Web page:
A walk down memory lane
In 1866, a group which included the Gollan and Trustum families landed on the Clarence and walked over to the Richmond River, settling in an area now called Dungarubba. Here, William Gollan opened the first general store and erected the first post office, which he called Burning Timbers, all on his own property.
The village was established in the early days on the northern side of the river and names for the district ranged from Rocky Mouth to Burning Timbers. The name Woodburn was chosen when the official post office was opened in 1906 on the southern side of the river, which is the centre of town today. At this time, the hill on which the school is now built was used as a camp by Bundjalung people. Although the centre of Aboriginal life moved to the Bungawalbin Creek and West Coraki area, later it centred on Coraki.
William Gollan gave Woodburn its name and apparently its inspiration came from the burning of the timber during the clearing operations. At this time, mail was brought to Woodburn on horseback from Iluka.
In 1869, the first building was raised in the village of Woodburn, being the Presbyterian Church. From 1870 to 1874, this church became a provisional school, opening with an enrolment of 16. Between 1874 and 1876, the school was moved to its current location.
1871 saw the beginning of the sugar industry in Woodburn when the McLaren brothers opened the first mill using horse drawn rollers to crush the cane. Meston and King owned the most famous mill which was shipped from Scotland and could crush sixty tonnes of sugar in 12 hours. Although the floods in 1893 brought disaster to this mill, which closed in 1905, sugar is still the major industry in the district. The opening of the bridge across the Richmond brought a great increase in land use for cane growing.
A branch of the Australian Joint Bank opened in 1880 and, in 1889, the Woodburn Butter Factory opened on the north side of the river. This closed in 1916, as did many other businesses on the north bank due to the steam ferry service. Woodburn’s first steam ferry was built in 1904. Before that, a hand ferry and rowing boat was used when two or more people wished to travel.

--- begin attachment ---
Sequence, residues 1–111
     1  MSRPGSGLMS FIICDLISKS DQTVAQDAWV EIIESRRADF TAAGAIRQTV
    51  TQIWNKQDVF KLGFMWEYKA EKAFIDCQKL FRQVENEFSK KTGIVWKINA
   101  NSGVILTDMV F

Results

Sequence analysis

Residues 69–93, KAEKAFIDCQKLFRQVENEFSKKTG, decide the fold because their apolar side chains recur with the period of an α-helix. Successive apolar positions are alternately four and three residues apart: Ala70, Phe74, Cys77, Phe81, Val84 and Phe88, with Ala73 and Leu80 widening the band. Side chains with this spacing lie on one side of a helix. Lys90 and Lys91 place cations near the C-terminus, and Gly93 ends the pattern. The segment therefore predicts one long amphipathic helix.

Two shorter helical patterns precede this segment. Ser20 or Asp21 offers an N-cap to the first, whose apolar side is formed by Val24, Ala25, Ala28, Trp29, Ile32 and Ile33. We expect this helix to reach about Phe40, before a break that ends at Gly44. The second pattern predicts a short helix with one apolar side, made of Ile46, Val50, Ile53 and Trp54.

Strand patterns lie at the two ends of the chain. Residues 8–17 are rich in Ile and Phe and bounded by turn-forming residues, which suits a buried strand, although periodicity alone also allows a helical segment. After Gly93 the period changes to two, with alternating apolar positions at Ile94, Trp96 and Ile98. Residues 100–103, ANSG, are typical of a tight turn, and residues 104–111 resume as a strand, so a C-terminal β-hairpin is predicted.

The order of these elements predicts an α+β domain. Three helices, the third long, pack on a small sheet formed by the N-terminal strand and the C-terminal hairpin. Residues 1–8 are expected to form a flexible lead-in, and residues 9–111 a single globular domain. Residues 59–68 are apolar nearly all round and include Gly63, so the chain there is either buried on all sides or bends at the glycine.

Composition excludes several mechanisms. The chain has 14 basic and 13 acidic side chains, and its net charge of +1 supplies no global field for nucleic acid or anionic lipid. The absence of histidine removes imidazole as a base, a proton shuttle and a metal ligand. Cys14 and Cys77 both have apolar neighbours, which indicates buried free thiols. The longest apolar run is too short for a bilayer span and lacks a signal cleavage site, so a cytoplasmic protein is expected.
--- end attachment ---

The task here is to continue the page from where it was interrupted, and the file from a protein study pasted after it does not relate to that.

The Richmond River
Woodburn’s position on the river made a perfect site for boat building and two of the earlier boats built there were the ‘Britannia’ and the ‘Woodburn’. This industry remained strong for many years and still continues today.
During the 1920’s, Woodburn Rowing Club became one of the most successful in Australia. The first annual regatta was held in 1922 and, during the years until 1932, the club enjoyed a very successful period.
The World Championship was rowed on the Richmond in 1923 with the match between Jim Paddon from Evans Head and D Hadfield from New Zealand. Waterskiing was another sport at which Woodburn’s local people excelled. Jim Roder and Bill Grenfell both held titles throughout New South Wales and Queensland and were chosen to represent Australia at the World Championships in Florida during 1957.
The Italian settlers at New Italy, the only survivors of the tragic Marquis de Rays expedition, also play a very significant role in the history of Woodburn. Their story began when they were promised land at Port Breton in New Ireland… many died on the voyage and in the jungles of the ‘promised land’.
Survivors were brought to Australia and one of them, Rocco Cominetti, told his friends of the vast stretches of land available on the Richmond and within a few years New Italy was a thriving settlement.
These settlers worked hard with the land they acquired and, within a few years, grew mulberries, grapes for wine, kept silk worms for silk, and made their own salami and cheeses. It was a New Italy settler than opened the first wine shop in Woodburn.
By 1944, the village was eventually disbanded. The ten minute drive south on the Pacific Highway to the New Italy Museum Complex is well worth the effort.
New Italy: newitaly.com.au
Woodburn: Southern gateway to the rainforest way (brochure produced by the Department of State and Regional Development, Woodburn Chamber of Commerce and Richmond Valley Council).